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The Greeks: Crucible of Civilization

Documentary and Television movie directed by Cassian Harrison

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A Quick Tip by cyclone_march

  • Oct 21, 2010
The documentary is rife with factual errors. I started to list them after about 10 minutes but finally got fed up. Don't use it as the video Cliff's Notes to Greek history. It's also written for an audience of 15 year olds. Not only is it wrong it's insulting.
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More The Greeks: Crucible of Civili... reviews
review by . January 01, 2008
posted in Movie Hype
At the end of the episode of the original Star Trek series titled "Who Mourns for Adonais", Captain Kirk laments having to destroy the power source of the being that calls himself Apollo. He states how the Greeks have given us so much, which is an understatement. The concepts of democracy, scientific thought, abstract mathematical thought, zoology and much of philosophy can all be directly traced back to the ancient Greeks.    While this tape mentions those things, the main focus is the …
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The lavish and lengthy production of PBS'sThe Greeks: Crucible of Civilizationis a fitting tribute to the glory of ancient Greece, telling the story of Greek democracy from its first stirrings in 500 B.C. through to the cataclysmic wars that virtually destroyed the empire. It concludes with a fascinating look at how the Greeks were defeated, yet their philosophy endured and changed the world forever. Beautifully photographed, and with intelligent narration delivered by actor Liam Neeson, this two-volume set goes into considerable detail while also being engaging to the eye as well as the mind. The photography at ancient sites is often spectacular and judicious use of actors filmed in re-creations of critical events provide immediacy. Much of the story relates how the Greeks essentially invented politics and democracy, and interviews with prominent scholars of classical history provide insight into the major characters, including Thales, Pericles, and Socrates. The stories of epic battles on land and sea and a thoughtful treatment of the Greek ideals of heroism are presented well. But the documentary particularly succeeds in the latter stages, when the story turns to the downfall of Socrates and a thoughtful explanation of how Greek philosophy transformed civilization.--Robert J. McNamara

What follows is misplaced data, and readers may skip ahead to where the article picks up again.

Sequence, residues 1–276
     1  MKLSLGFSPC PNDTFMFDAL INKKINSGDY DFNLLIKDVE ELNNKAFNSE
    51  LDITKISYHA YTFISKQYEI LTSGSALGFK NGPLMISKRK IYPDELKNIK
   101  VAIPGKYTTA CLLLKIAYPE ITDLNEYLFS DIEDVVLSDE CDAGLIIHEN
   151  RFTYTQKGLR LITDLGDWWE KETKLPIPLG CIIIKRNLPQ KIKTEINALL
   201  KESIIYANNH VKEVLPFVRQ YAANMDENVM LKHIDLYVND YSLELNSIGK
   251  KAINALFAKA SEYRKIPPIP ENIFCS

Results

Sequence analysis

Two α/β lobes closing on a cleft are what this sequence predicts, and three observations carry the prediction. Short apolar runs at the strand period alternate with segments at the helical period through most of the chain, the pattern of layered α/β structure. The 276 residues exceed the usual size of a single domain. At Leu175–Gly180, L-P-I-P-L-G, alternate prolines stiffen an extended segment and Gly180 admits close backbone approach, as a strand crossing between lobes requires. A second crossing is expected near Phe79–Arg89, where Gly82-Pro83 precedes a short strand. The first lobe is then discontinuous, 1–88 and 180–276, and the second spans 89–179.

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Details

Director: Cassian Harrison
Genre: Television, Documentary
Screen Writer: Cassian Harrison
Runtime: 150 minutes
Studio: Pbs Home Video
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